Hit a Drum Pad to Cycle Through 4 Texture Maps

Using this technique, you hit the drum pad once, you get texture map 1, you hit it again and you get texture map 2. When the texture map is 4 and you hit the pad, you get texture 1 again. And so on.

The first CHOP, keyboard3, simply converts any keys of your ASCII keyboard into CHOP channels. A channel is 1 when the key is pressed, and 0 when it is not. At the IDC, this was replaced by a Midi In CHOP, which gave channels that were 1 while the drum pad was being hit, and 0 othewise. The lower channel on the graph represents the keyboard being pressed.

The count3 CHOP counts the number of times its input goes from 0 to 1, so it acts as a hit counter. The middle channel on the graph is the output of the count1 CHOP and steps up evey hit.

The limit1 CHOP simply takes numbers and makes them cycle between 1 and 4 because the background images are numbered 1 to 4. The is the upper channel of the above graph.

The to_material CHOP changes the name of the channel so it connects to the image number of a material containing a texture image.

Below left is a network from the COP (Composite Operators) Editor, where we prepare images. Here we take four images and seqeuence them as a 4-frame sequence, frames 1 to 4.

The material's texture1 (below right) selects the COP sequence and uses the frame number from the CHOP. This technique gives an enormous amount of flexibility in connecting realtime input devices to texture maps.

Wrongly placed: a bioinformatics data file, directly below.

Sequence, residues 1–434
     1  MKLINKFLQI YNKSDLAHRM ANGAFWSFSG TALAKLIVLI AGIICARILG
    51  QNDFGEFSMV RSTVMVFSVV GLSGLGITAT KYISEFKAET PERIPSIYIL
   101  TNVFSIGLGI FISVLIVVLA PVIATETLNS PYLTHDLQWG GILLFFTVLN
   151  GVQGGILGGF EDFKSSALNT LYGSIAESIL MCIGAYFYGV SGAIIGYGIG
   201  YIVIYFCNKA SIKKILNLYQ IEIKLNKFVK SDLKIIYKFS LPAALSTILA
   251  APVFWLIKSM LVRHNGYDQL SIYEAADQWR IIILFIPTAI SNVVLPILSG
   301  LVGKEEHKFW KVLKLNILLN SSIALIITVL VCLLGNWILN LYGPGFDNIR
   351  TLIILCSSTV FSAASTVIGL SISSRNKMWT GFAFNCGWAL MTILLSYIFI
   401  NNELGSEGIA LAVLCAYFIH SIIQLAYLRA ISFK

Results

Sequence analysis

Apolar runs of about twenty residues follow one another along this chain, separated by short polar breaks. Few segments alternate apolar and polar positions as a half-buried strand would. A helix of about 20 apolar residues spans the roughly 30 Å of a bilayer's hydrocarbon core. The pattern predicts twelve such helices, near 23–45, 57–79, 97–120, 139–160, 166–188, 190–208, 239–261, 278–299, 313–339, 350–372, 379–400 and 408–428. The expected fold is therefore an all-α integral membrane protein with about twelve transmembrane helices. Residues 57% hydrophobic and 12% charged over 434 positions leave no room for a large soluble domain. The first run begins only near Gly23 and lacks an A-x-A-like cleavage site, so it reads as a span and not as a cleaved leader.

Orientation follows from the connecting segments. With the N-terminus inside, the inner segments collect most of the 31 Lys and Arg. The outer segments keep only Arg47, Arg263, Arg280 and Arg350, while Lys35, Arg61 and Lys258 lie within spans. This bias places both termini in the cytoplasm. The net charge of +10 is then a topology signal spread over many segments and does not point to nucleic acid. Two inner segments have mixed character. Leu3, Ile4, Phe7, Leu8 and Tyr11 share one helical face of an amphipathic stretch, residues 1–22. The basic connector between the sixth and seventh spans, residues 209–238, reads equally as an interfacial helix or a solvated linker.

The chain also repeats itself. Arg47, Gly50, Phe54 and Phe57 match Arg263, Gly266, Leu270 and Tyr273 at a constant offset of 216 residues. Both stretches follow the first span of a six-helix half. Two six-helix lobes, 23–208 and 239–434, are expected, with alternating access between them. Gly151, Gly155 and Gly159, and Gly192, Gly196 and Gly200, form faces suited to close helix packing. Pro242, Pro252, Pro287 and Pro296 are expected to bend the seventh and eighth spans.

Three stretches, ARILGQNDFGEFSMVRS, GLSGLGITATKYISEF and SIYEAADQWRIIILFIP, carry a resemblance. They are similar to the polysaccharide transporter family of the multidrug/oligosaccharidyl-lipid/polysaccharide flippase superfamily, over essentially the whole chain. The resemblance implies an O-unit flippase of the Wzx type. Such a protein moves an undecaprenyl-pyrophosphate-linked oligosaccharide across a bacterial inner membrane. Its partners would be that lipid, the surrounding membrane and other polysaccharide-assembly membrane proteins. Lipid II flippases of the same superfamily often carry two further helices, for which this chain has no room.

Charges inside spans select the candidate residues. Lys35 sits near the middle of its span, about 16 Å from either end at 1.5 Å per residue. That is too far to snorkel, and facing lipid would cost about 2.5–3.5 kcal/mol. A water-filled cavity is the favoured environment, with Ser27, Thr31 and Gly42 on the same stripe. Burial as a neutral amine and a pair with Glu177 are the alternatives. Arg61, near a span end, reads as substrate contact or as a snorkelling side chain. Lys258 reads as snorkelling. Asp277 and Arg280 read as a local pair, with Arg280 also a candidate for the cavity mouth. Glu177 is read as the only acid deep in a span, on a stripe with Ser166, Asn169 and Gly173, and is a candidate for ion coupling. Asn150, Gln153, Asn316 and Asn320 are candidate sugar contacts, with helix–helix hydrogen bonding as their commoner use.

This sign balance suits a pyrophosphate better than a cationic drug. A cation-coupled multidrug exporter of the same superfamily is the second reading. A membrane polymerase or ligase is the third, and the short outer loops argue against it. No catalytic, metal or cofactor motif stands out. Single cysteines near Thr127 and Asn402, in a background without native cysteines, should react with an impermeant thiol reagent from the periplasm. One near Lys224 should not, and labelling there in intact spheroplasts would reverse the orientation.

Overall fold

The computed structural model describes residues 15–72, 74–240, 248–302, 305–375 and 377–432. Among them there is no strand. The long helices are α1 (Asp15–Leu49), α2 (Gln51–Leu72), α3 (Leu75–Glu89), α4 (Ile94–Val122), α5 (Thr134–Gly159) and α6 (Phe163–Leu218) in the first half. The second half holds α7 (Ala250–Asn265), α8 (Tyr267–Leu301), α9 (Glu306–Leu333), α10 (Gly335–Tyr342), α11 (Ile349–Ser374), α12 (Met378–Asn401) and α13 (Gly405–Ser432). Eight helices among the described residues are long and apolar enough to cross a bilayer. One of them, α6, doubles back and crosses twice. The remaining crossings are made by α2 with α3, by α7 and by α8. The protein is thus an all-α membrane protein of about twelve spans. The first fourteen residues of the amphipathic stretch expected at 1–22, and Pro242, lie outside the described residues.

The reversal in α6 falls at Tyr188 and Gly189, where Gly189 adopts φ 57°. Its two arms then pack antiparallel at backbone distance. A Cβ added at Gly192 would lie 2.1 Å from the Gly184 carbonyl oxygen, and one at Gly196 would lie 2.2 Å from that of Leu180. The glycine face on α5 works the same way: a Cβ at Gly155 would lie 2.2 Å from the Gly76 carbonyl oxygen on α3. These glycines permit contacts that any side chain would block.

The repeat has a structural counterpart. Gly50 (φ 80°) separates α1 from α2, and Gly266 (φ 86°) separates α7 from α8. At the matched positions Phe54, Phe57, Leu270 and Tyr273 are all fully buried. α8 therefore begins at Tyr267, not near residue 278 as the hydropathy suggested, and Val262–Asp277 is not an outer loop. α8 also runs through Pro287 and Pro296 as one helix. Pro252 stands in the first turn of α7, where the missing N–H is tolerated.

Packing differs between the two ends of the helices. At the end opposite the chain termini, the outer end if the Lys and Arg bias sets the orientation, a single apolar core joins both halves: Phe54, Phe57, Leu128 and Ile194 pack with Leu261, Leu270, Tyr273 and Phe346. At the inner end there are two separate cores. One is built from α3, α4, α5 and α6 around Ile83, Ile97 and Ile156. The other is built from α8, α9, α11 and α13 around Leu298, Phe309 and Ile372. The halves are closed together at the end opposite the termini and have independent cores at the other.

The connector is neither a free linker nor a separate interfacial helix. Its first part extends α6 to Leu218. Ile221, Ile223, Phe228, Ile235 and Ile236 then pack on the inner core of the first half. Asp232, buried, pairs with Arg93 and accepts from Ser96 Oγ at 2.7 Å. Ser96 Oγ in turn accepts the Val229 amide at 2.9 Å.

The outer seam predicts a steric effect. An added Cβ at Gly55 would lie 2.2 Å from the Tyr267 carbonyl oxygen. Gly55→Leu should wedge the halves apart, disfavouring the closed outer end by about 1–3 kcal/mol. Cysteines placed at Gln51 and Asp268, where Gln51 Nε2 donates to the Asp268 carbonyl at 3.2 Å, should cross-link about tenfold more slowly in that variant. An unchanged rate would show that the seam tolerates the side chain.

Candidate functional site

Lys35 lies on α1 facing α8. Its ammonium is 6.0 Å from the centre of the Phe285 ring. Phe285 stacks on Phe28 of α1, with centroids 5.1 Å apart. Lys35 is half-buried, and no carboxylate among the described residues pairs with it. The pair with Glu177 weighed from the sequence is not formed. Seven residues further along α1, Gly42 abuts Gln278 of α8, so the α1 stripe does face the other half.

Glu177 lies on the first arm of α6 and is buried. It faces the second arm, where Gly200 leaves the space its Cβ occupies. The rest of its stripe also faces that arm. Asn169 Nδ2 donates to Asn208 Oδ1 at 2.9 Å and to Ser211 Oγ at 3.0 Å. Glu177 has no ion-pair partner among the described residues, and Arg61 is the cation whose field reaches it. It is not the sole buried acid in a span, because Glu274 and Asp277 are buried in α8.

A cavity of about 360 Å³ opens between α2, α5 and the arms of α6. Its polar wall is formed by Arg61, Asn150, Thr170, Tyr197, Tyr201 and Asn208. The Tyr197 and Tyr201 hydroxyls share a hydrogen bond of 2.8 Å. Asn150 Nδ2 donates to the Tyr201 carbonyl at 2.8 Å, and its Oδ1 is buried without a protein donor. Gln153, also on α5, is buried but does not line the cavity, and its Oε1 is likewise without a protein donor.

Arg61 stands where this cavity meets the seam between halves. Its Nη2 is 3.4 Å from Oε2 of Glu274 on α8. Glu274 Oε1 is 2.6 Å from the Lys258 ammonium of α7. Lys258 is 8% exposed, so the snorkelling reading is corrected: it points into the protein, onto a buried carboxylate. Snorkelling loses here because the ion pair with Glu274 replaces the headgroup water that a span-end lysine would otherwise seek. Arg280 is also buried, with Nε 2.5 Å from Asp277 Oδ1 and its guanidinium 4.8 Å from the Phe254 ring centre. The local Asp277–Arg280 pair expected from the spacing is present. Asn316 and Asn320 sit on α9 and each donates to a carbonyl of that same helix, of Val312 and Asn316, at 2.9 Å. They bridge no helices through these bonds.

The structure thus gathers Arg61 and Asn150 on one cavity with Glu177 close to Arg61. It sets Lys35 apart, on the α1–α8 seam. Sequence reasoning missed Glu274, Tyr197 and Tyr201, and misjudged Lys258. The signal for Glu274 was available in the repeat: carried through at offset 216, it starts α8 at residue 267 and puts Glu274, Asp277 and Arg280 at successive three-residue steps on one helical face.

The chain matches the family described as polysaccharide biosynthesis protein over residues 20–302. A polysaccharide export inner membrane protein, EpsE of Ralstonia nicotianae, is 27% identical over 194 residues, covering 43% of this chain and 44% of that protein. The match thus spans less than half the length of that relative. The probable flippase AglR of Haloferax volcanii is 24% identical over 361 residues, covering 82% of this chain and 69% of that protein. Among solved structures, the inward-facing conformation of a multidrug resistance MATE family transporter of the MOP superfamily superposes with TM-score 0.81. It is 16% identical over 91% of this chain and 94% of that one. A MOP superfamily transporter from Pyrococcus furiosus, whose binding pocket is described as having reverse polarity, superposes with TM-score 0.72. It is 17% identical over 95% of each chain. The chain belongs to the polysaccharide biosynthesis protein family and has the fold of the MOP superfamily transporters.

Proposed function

Cycling Through 4 Text Strings When you Hit a Drum Pad

In a similar way, you can use each drum pad hit to cycle between four lines of text that are displayed over the background.

Again, count1 counts the number of keyboard hits and limit2 cycles between 0 and 3.

to_text changes the channel names so they connect to the parameter in a Switch SOP (Surface Operation) that chooses which line of text to use.

A variation on this theme chooses the lines of text randomly so they are not in a predictable sequence. random_noise is a channel containing 300 random numbers between 0 and 1.

scale_0to3 scales the numbers so they are between 0 and 3, and limit_integer makes them integers.

We then use the count2 CHOP in the lookup1 CHOP to step through these 300 random numbers.